The creeping politicisation of spookdom
‘Appointing nodding loyalists points to the creeping politicisation of national security. The aim, insiders fear, is to prevent genuine, independent scrutiny of the government’s most sensitive activities and policies’
Since 2007, 11 parliamentary and other reports have looked at issues of leadership, strategic thinking and decision-making in British government. In different ways, all keep highlighting the same problem: a chronic lack of political interest in developing strategic coherence. Some reports complain that the National Security Council (NSC), created in 2010, is too “tactical” and reactive, and often driven by personal political agendas. Other lacunae are also dangerously evident in the security and intelligence world. The government is failing to develop properly a new generation of future intelligence and security leaders, while fears are growing of creeping politicisation and expediency. Combined, these risk undermining the expertise, independence and institutional memory of this vital part of government.
This century is putting extraordinary demands on organisations and decision-makers, especially in national security. In a worrying coincidence, the heads of the Security Service (MI5), the Secret Intelligence Service (MI6) and the National Cyber Security Centre (part of GCHQ) will all step down within a five-month period starting in April. The intelligence community sensibly avoids too much top-level change at once, to preserve institutional memory and operational effectiveness. So the succession planning underway is an ideal time to consider what Parliament has long said effective national security leadership should look like, especially at the political level. Security demands ability, not servility.
For this reason, reports that Downing Street wants Chris Grayling, Theresa Villiers and Sir John Hayes as members of Parliament’s Intelligence and Security Committee (ISC), with Grayling as its chairman, have caused great dismay. The three have little national security experience among them and are not political “high-flyers”. Indeed, all recently lost their jobs in ministerial reshuffles. Grayling left government last summer with one of the worst records in memory. As Home Secretary, responsible for MI5, we have Priti Patel, who had had to resign from cabinet in 2017 for unauthorised meetings with a foreign government, then reportedly violated the ministerial code again in 2019 by taking on paid advisory work without permission from the government’s anti-corruption committee.
Appointing such nodding loyalists points to the creeping politicisation of national security. The aim, insiders fear, is to prevent genuine, independent scrutiny of the government’s most sensitive activities and policies. An early indicator will be if the new ISC publishes the report on Russian interference in British politics in the form agreed by the last committee and the intelligence community.
Worse, could political expediency now be spreading to Whitehall? Sir Alex Younger, widely praised for restoring morale and a culture of “family” in MI6, retires late this summer as Chief. Downing Street is said to rate highly a leading contender for the post, who went to school and university with the prime minister, Boris Johnson, and is a friend of his. The defence secretary, Ben Wallace, recently received orders from Downing Street to fire a young and promising special adviser. Her error? She had dared to criticise Dominic Cummings, the prime minister’s chief adviser. Cummings is also keeping a close eye on the security, defence and foreign policy review overseen by the respected deputy national security adviser, Sir Alex Ellis.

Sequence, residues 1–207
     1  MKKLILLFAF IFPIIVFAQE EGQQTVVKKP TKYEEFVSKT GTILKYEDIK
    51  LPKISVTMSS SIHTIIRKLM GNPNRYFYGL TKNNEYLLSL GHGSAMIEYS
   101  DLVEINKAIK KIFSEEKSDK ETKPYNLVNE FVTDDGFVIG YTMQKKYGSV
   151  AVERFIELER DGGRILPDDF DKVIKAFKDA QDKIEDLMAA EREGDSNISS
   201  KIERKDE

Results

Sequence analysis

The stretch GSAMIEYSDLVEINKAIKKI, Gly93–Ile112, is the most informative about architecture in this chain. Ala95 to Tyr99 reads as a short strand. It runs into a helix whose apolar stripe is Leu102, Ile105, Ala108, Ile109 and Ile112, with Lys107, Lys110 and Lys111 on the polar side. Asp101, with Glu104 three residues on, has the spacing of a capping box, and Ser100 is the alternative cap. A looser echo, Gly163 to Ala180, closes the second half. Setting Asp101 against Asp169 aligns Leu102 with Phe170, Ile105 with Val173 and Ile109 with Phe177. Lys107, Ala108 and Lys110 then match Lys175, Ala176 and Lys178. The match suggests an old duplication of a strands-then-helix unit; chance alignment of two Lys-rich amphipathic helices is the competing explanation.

The review should consider a key contributing factor to government’s dwindling strategic capability: the controversial closure in 2012 of the National School of Government (NSG), part of Cabinet Office, for over £100 million in savings. In a robust 2018 report, the Public Administration Committee again panned government for the “void” the closure left in civil service learning and development. The NSG would be a much-needed arena for developing 21st-century leadership. Cross-party calls continue for its re-establishment.
Our national security leaders, from the prime minister and the NSC down, must be able to understand the world around them and not just from their own perspectives but from others’ too. This is the strategic thinking that ensures they take their organisations (and the nation) in the right direction, able to cope with the world today—and the world to come. And it also allows them to build trust, to motivate and to inspire others to follow them. The crisis we currently face has demonstrated how critical all this is.
The creeping politicisation of national security—with three key posts to fill soon—plus the gap in Britain’s strategic thinking capability will prove a lethal combination if they are not soon reversed. Threats such as the coronavirus will test this nation to breaking point and push others beyond theirs. Surmounting these difficulties would be challenge enough. But while we flail, our adversaries are not sleeping. They are studying our responses and resilience, drawing lessons and looking for vulnerabilities to exploit in coming months and years. The two Western countries most criticised for their response to the pandemic happen to be the nuclear backbone of Nato—America and Britain. Voters will remember those politicians who, at a time of great national need, still put ambition before the greater good.